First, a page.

Open Access and Creative Commons

USQ Library supports the use and creation of open access content. Open access allows others to revise, redistribute, repurpose and share material through open licences such as Creative Commons. The idea behind open access and open education is that educational content should be accessible to all. 

Beware: There are varying shades of "openness". Always check the licence or conditions of use statements to protect yourself and your work.

Creative Commons search lists a range of search tools for different Creative Commons and public domain media, including Google, YouTube and Soundcloud. 

Here are some great open access websites:

Images and graphics


Books and journals

Teaching resources

Software/3D printing


 Desktop publishing

Open Access and Open Education Resources often have licences attached to them, which outline what you can and cannot do with a resource without having to seek permission or clarification from the copyright owner. 

For Creative Commons (CC) licences, there are four conditions of use: 

  • Attribution (BY) – the creator must be attributed
  • Non-Commercial (NC) – use is restricted to non-commercial purposes
  • No Derivatives (ND) – modification of the resource is not allowed
  • Share Alike (SA) – modification is permitted, provided the new work us licenced under the same CC licence. 

These core elements are often combined to create different licences, all with varying conditions. For example, a CC-BY-ND licence means you can use the work provided you attribute the creator and do not modify it in anyway.  

Information on the types of Creative Commons licences can be found on their website. 

Whenever a work is used under a Creative Commons licence, the original creator must be appropriately attributed. The recommended approach to attributing a Creative Commons work is: 

Author, title of work, URL to work, used under Creative Commons Attribution [list licence number], URL to the Creative Commons Licence

If you are using multiple Creative Commons works (e.g. images in a PowerPoint), you can either: 

  • place the appropriate attribution directly under each image; or
  • create a list of attributions at the end of the presentation or document, which clearly indicate which attribution matches which image (e.g. Image on slide 3: [insert appropriate attribution]).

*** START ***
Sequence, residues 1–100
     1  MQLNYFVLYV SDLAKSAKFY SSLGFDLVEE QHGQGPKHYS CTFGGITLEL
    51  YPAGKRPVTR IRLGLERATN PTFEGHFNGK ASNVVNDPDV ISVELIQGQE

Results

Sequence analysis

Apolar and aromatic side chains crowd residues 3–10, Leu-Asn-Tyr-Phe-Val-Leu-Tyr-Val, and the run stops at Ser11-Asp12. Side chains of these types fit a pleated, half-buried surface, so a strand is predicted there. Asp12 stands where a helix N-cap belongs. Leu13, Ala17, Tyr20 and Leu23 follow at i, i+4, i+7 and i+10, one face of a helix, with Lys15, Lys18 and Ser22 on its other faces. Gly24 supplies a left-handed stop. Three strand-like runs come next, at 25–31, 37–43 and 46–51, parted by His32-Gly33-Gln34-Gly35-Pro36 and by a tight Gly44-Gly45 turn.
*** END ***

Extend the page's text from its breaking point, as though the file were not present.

When creating open content such as open textbooks or open courseware, you may use:

  • content with open licensing, such as Creative Commons or Public Domain
  • content in which copyright has expired
  • external links to non-infringing content
  • content that you have written permission to use.

You may wish to use Creative Commons to share your work. Where USQ owns the copyright in the work, content will need to be licenced by the USQ Legal Office. You will then be able to share your open access resource on many different open access sharing platforms. 

When licensing your work under Creative Commons, you need to make sure the licence you choose is compatible with the licences of all the resources you have used. For example, if aspects of your work contain the “Share Alike” element, the final work must be distributed under a “Share Alike” licence. The 
Creative Commons Compatibility Wizard can help you choose an appropriate licence.

Open Access publishing

Open Access ensures that your work can be more easily found, downloaded and shared, increasing citation rates. Publishing in Open Access journals ensures optimal return on public investment.

Open Access approaches

Green Open Access

Green Open Access publishing allows authors to archive a version of their work in an institutional repository (USQ ePrints) or other repositories (such as ResearchGate or PubMed Central). 

Gold Open Access

Researchers may choose to publish in an Open Access journal, where the journal provides free online access to the content of the journal. Gold Open Access journals have a processing charge. It may be possible to include this processing charge in grant applications, should you decide to publish open access at the time of application. 

Open Access and monographs

The AOASG website provides a useful overview of Open Access options for publishing monographs. 

Open Access publishers often allow the distribution of versions of your publication into an institutional repository like ePrints. It is important to note which version you are able to share:

  • Pre-print (submitted version) – this is the version the author sends to the publisher for review.
  • Post-print (accepted version) - this version is still in manuscript form but includes corrections associated with the peer review process. This is the version that is most commonly included in institutional repositories.
  • Published version - this includes the publishers format (including logos, hyperlinked references, pagination and other formatting consistent with journal publications). Few publishers allow this version to be shared in repositories, even after an embargo period.

Many publishers impose an embargo period whereby work may be stored in a repository but not made available through Open Access. Some funding bodies, such as the Australian Research Council and the National Health and Medical Research Council, mandate that research should be made available via open access as soon as possible after the date of publication.